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  • Roxanne Noor

Invasive



The white men from empire were the invasive species of the Middle East. They charged into a new habitat and forced the native species into a pantheon of suppression. Winston Churchill referred to the Palestinians as dogs, and followed the statement by declaring “A stronger race, a higher grade race, a more worldly wise race has come in and taken their place.”


A dog is simpler than a human, therefore not to be trusted in managing themselves. But wild dogs, wolves, thrive. It’s the domesticated dog that develops the cancer of his master, the ulcers of his owner. The wild wolf has instinct sharp as a blade and knows its territory intimately. The domesticated dog has been made an accessory to man. 


Imperial power knew the Palestinian “dogs” were in fact wolves, impossible to domesticate, so better to annihilate. Prime Minister Yitzhak Shamir referred to them as grasshoppers. Something he could crush under the sole of his boot. Whether labeled as a dog, grasshopper, or beast, the wild animal belongs to the land. 


There’s no need for the perverse progress of development if the land gives, and it does. Bright juicy citrus was exported to the Mediterranean Coast. Plump black olives freckled the tree's arms. Long delicate bodies of gold wheat rippled in the wind. Barley laid itself into pearly fields. Empire converted the flowering state to a confined cage.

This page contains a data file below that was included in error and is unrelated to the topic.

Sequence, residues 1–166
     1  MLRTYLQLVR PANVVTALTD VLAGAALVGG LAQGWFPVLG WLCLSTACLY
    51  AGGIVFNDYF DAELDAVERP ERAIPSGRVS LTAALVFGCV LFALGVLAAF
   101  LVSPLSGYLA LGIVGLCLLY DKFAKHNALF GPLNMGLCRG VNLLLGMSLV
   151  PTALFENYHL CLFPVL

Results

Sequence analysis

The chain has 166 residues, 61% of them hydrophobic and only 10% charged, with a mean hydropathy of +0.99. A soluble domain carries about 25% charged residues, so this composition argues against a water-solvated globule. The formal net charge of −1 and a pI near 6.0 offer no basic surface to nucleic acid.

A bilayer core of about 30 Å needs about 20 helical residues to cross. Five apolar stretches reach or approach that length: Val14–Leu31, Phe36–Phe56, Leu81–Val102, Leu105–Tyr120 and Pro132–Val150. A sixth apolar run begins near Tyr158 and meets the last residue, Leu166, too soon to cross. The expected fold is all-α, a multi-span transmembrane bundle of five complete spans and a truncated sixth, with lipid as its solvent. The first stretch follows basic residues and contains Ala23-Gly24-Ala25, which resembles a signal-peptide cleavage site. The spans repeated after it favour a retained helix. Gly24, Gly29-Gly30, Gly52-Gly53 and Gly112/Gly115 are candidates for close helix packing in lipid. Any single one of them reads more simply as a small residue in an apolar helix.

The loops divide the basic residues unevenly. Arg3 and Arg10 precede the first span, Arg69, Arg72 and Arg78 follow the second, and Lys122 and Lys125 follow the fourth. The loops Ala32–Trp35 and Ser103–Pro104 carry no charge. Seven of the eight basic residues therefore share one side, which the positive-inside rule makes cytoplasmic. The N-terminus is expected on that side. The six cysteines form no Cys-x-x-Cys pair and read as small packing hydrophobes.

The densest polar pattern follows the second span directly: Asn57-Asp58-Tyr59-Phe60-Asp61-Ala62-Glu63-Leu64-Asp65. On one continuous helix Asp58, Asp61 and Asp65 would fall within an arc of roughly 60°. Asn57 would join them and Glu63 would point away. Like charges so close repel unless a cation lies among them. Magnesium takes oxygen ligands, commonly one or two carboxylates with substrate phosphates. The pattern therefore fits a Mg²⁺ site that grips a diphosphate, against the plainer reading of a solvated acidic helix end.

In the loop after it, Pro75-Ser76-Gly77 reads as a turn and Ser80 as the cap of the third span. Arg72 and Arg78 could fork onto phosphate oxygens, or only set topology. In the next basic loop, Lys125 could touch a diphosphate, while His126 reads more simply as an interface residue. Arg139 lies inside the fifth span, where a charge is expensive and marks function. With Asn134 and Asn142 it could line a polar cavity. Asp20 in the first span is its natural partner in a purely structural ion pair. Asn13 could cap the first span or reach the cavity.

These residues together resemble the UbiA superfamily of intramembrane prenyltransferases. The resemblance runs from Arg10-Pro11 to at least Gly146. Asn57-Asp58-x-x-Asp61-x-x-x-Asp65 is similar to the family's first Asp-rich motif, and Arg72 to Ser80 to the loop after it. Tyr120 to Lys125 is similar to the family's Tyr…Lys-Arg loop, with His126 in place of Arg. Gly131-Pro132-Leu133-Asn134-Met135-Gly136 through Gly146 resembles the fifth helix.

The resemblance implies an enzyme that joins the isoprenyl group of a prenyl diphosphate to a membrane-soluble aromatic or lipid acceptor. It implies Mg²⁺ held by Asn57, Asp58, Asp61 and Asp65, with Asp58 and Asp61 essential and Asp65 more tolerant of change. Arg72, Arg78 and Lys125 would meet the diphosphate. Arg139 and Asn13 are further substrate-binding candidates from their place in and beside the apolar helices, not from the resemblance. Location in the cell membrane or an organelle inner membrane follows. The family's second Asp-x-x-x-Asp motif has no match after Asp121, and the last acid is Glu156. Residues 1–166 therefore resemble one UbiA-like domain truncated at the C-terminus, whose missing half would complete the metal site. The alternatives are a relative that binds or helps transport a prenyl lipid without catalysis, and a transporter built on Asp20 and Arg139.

Animal nature was a threat because the animal only takes as much as he needs. The animal is free-range. What animal has the white man of empire been? One that is invasive, intrusive, and unjust. In the animal kingdom, is the apex predator more worthy because he kills or because nobody attempts to kill him? 


This apex predator has turned on himself, he is his own victim. Victim of his firearms, rogue drones, and nuclear bombs. An echo chamber of violence reverberates.


He remains chronically oblivious to the other. He’s an orphan to the language of the lilies. He’s severed from the embrace of solar warmth and the generosity of light. He’s divorced from the pack and abandoned his kin. He’s an isolated entity in a desert of depravity. 


Every land he invades will never be enough. He will never know fullness in his self-induced hunger. He will make others starve with him, and struggle for him. 


The sugared stars signal the way home, but all he sees is black. For the man blind to his nature, has lost his humanity.

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